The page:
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Three Reasons for Surprising Polls

October 27th, 2004, 5:30am by Sam Wang

Hawaii has been added because of two recent polls showing possible leads for Bush. This seems very unlikely. In any event, what is really needed is a third poll.

With that, let’s think about a favorite subject of mine: why individual polls seem surprising or contradictory. I can think of three reasons:

1. Reporters often don’t understand statistics. A poll showing Bush up by 5% and another showing Kerry up by 1% are in fact consistent with one another because of random sampling error. For more on this read yesterday’s entry by Mystery Pollster (Mark Blumenthal). A better way to get a good answer is to examine many polls at once. For the record, Charles Forelle at the WSJ is a very notable exception – in his article about this Web site and others, he captured the subject perfectly!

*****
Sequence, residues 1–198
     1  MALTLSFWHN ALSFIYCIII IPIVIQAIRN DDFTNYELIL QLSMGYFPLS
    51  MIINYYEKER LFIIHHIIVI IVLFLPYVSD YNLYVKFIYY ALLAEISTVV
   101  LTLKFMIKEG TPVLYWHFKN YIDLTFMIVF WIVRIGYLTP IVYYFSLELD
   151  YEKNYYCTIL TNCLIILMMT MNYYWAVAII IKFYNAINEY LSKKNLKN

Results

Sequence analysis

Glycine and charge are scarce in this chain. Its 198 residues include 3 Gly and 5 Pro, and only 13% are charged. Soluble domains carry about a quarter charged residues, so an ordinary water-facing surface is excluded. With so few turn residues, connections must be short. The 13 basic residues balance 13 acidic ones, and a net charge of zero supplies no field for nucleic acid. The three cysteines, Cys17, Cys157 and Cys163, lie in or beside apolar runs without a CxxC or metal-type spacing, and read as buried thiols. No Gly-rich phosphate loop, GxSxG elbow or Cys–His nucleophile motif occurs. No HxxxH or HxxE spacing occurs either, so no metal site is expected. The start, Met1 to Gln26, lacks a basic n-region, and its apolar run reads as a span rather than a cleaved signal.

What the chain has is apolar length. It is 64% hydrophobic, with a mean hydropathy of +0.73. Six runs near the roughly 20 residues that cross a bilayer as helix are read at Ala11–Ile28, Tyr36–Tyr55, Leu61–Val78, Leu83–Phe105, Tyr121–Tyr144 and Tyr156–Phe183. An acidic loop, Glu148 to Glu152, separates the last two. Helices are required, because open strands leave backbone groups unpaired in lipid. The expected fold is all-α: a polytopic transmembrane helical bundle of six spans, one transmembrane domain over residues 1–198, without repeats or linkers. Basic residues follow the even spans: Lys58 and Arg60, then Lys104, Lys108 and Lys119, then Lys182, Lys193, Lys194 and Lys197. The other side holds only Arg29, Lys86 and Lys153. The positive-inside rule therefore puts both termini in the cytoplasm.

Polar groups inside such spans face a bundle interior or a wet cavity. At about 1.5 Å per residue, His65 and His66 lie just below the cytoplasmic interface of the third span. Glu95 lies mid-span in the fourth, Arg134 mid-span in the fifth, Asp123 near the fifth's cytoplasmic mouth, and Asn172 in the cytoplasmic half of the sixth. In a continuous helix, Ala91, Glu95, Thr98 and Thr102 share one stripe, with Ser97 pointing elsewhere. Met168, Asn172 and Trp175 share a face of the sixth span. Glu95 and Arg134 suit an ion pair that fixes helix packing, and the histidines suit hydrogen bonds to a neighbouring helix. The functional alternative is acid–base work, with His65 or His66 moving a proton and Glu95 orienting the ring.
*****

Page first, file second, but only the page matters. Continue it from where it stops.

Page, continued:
2. Man bites dog. When a poll’s finding sounds interesting, it gets more attention than a boring result. Therefore reports of outliers tend to grab headlines, creating apparent discrepancies.

3. Competition among organizations. News organizations usually rely on their own data alone. If they do this, they cannot achieve the increased accuracy that comes from comparing multiple polls. Indeed, little incentive exists to improve accuracy, since low accuracy leads to more frequent news stories, and therefore more readers or viewers.

Tags: 2004 Election

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